Time Out says
Biller’s film – which tracks the sexual awakening of a straitjacketed suburban housewife – puts a sly feminist spin on the material, taking witty potshots at ’60s attitudes towards female sexuality and male ‘dominance’. It’s all a mite pointless: just because a film’s handicaps are intentional doesn’t make them any less tiresome, and at an epic two hours the stilted dialogue and eye-scorchingly oversaturated film stock threaten to test the patience. But as a self-conscious exercise in kitsch graverobbing, ‘Viva’ succeeds through a combination of cultural nous and sheer aesthetic audacity.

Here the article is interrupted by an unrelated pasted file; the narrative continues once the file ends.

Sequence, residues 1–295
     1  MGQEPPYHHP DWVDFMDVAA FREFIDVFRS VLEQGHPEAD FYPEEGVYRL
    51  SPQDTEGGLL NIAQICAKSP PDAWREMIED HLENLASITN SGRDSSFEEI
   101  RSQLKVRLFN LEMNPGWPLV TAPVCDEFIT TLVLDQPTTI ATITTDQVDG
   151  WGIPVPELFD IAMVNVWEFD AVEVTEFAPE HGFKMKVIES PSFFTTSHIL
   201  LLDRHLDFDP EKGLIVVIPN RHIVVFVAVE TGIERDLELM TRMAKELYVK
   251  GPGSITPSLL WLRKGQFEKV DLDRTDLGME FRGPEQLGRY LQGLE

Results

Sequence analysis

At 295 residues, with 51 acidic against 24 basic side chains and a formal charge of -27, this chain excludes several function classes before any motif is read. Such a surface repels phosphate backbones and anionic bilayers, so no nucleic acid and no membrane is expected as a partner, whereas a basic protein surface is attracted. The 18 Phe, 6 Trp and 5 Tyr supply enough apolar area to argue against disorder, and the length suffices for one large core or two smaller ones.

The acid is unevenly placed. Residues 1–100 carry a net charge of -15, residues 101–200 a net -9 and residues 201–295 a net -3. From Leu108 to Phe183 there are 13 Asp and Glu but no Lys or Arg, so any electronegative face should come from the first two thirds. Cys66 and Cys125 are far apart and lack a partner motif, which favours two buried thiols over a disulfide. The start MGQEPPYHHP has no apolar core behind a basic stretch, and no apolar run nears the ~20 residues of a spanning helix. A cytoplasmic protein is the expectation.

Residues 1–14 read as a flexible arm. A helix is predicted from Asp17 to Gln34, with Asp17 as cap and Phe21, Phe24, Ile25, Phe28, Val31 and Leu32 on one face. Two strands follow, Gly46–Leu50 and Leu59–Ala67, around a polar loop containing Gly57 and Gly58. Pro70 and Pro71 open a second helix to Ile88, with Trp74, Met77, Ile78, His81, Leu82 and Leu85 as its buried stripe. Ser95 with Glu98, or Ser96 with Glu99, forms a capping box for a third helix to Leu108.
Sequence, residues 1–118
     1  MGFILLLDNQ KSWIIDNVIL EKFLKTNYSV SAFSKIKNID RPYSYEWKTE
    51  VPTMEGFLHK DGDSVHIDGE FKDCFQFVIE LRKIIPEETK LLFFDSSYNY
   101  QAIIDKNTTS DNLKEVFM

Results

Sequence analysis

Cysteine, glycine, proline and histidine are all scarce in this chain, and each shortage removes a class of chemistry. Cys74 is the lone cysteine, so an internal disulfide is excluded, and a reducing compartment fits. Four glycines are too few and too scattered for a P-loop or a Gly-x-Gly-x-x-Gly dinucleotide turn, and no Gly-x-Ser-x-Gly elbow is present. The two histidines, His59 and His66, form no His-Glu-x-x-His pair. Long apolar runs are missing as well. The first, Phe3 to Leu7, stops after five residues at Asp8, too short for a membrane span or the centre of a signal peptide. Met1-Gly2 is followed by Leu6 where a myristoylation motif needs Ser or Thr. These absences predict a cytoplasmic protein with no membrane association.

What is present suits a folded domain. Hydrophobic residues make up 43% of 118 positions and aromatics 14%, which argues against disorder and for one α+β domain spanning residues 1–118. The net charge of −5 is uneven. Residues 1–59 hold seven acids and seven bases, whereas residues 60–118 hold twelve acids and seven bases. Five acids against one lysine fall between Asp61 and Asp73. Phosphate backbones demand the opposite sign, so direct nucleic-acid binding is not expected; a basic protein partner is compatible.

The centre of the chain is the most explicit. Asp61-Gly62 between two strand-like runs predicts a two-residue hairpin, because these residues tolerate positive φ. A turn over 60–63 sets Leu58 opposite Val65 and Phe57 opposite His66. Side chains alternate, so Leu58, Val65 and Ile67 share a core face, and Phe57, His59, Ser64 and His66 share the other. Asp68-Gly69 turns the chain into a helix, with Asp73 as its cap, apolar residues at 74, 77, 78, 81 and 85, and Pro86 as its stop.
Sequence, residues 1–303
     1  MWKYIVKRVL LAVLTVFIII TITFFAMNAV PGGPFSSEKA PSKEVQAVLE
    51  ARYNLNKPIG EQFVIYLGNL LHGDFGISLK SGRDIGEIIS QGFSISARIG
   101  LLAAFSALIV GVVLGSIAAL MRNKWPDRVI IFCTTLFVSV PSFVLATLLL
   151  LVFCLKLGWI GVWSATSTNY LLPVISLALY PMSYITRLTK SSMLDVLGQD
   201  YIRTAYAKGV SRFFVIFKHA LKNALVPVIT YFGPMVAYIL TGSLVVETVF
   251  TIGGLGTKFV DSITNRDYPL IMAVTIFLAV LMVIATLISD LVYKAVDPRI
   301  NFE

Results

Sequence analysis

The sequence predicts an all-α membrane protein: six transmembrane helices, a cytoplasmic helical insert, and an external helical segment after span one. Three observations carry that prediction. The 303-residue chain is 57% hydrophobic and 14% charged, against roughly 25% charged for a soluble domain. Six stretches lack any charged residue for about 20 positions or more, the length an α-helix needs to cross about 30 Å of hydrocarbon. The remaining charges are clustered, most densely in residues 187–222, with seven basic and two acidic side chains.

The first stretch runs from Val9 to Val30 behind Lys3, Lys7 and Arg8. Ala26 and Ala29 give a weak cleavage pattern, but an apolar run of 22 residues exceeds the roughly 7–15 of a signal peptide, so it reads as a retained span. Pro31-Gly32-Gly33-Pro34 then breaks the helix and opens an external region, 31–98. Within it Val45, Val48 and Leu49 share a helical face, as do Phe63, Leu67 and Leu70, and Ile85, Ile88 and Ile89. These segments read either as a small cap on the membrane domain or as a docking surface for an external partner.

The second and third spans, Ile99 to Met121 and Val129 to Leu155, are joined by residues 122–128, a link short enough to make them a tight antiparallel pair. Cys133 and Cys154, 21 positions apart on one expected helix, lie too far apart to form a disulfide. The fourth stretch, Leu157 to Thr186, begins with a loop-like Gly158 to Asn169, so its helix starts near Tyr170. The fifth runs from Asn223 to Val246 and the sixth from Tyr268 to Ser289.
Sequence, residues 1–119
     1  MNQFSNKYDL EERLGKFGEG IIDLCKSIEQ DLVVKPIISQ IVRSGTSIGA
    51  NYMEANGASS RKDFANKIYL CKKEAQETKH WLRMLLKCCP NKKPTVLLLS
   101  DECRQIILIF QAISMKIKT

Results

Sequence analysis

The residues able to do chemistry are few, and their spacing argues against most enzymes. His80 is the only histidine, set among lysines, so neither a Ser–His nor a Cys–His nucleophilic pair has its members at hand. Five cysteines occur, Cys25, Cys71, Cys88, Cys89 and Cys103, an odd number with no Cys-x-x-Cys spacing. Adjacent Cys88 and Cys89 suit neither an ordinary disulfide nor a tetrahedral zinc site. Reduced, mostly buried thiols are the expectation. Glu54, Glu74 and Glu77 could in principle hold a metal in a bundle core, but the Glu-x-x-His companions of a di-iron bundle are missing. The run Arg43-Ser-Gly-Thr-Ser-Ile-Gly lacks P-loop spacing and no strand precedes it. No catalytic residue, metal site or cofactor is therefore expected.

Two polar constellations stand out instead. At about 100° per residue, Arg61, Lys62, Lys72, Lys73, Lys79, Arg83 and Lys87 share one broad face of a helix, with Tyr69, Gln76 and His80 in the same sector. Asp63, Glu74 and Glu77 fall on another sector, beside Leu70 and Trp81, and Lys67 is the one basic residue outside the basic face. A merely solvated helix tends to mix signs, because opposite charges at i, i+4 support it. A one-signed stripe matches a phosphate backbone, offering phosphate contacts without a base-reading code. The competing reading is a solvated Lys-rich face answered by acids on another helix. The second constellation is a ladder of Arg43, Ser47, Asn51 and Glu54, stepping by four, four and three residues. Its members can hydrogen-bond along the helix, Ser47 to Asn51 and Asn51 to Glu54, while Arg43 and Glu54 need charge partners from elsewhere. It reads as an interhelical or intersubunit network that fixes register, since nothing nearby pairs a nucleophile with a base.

Cast and crew